It is prescribed carefully and closely monitored by a medical professional in patch, lozenge, buccal tablet, sublingual tablet, and injectable forms.

Prescription-grade fentanyl is powerful, and patients are given detailed instructions about how to use it and what drugs to avoid while on fentanyl. For example, people using fentanyl patches are reminded that their drug shouldn’t be used with benzodiazepines or other central nervous system depressants, as these combinations can cause life-threatening overdoses.

Illegal (Illicit) Fentanyl

Fentanyl is a controlled substance, but the ingredients (precursors) dealers need to make it are not always banned or regulated. As a result, dealers can buy what they need from companies in Mexico or China and produce illegal drugs they can sell to unsuspecting people anywhere in the world.

Illicit fentanyl comes in several formats, including liquids and powders. Dealers may sell their substances as fentanyl, or they may tell their customers they’re buying something else (like Vicodin) when the products contain nothing but fentanyl.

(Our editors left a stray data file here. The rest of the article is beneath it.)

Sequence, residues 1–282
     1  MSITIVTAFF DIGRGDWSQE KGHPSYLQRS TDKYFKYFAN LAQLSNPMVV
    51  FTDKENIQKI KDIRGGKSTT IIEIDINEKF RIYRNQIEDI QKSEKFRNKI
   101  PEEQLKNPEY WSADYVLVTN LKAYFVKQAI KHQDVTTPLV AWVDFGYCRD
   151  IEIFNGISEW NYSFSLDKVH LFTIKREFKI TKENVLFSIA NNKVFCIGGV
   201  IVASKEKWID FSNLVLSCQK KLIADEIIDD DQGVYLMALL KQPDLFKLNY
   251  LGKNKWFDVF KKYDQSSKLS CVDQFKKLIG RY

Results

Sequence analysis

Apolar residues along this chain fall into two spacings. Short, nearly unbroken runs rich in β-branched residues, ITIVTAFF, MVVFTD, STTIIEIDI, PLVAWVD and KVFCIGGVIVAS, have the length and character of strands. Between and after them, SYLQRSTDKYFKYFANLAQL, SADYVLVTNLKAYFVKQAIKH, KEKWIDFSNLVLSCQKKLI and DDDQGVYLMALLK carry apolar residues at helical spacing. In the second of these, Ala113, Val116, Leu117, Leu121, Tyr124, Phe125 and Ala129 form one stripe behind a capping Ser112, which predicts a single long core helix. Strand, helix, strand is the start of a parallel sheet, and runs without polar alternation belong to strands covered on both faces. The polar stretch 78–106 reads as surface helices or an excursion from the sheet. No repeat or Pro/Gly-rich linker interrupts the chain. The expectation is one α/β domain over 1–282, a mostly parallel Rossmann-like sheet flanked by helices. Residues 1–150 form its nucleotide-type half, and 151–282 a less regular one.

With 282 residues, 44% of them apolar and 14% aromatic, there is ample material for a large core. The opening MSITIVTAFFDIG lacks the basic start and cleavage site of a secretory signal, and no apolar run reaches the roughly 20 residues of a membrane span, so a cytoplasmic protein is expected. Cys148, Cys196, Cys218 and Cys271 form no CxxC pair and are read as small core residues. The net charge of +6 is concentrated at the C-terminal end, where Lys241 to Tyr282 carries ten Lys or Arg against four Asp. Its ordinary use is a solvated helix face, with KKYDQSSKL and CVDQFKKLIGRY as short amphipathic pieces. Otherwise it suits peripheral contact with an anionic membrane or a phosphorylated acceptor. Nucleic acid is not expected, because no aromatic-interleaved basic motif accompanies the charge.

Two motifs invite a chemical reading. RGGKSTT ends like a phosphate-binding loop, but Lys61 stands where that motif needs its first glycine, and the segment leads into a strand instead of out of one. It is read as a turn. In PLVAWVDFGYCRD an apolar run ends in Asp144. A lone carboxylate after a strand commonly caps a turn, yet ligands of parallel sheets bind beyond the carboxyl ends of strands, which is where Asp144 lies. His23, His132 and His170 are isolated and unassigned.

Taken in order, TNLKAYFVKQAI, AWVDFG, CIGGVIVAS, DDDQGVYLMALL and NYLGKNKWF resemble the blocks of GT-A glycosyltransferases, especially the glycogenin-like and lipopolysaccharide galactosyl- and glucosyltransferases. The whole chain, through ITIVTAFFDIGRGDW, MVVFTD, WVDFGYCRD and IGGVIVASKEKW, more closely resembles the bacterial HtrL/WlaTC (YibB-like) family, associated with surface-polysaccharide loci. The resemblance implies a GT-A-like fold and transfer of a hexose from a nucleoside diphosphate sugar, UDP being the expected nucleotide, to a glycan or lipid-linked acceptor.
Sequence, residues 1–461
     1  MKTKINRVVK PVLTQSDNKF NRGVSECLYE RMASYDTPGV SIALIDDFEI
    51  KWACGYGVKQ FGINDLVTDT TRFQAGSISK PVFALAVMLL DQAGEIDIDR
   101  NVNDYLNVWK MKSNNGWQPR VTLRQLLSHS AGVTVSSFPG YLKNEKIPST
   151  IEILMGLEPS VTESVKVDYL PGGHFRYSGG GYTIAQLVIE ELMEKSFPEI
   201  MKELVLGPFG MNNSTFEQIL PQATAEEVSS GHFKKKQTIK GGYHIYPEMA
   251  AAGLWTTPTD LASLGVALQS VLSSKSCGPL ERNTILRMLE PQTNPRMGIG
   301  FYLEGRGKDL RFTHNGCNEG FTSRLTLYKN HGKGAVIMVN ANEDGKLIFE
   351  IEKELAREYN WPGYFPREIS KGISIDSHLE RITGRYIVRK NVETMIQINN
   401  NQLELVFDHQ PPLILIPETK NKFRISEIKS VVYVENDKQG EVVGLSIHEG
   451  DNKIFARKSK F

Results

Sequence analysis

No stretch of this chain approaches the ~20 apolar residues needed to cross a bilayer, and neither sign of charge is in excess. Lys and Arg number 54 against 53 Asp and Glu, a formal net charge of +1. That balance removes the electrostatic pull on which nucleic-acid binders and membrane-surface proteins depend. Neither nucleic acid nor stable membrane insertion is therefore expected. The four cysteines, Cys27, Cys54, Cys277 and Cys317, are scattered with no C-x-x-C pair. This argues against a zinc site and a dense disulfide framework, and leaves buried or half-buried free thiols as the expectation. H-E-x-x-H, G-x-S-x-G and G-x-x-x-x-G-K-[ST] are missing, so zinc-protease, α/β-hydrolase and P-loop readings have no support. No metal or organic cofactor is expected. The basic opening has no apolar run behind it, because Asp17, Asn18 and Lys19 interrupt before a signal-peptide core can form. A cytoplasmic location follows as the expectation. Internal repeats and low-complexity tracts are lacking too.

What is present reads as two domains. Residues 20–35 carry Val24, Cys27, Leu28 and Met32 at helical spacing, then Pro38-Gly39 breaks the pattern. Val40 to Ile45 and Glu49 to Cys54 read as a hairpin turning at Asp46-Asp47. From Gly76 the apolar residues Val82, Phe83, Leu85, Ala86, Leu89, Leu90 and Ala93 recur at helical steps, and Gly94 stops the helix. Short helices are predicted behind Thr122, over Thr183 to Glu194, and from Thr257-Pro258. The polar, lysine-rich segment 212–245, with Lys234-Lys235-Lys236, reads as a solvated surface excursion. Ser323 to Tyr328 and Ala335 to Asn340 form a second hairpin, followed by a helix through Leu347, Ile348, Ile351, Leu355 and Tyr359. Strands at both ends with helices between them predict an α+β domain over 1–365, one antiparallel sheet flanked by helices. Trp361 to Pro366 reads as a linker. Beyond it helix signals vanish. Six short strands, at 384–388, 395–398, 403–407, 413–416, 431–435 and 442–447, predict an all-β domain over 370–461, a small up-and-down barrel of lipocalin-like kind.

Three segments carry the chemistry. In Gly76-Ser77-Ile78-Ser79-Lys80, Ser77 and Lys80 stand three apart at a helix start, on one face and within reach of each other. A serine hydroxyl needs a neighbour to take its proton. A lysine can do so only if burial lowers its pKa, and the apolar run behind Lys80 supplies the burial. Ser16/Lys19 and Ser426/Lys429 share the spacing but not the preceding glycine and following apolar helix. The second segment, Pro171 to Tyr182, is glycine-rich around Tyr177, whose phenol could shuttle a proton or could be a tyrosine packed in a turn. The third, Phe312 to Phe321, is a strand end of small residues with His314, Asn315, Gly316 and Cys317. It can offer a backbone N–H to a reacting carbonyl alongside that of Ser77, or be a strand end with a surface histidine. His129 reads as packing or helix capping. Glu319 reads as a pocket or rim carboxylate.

Illicit laboratories may not have strict quality-control measures, so it’s difficult to know how strong each product is and how long it might last. Experts say most cases of fentanyl-related overdose are linked to illicit fentanyl made in labs like this.

People who buy fentanyl from dealers rarely (if ever) get documents about what’s inside their drugs or how to use them. They may not realize that combining their drugs with other substances could cause death. They may not even realize that the drug they’re about to take has fentanyl inside it.

Fentanyl Half-Life Details

A drug’s half-life is a measurement of how long the body needs to process about half of the dose. When four to five half-lives have passed, the drug is rendered inactive within the body.

Laboratory fentanyl half-lives can vary by the method in which it’s administered. This table can help you understand those differences:

Method of AdministrationHalf-Life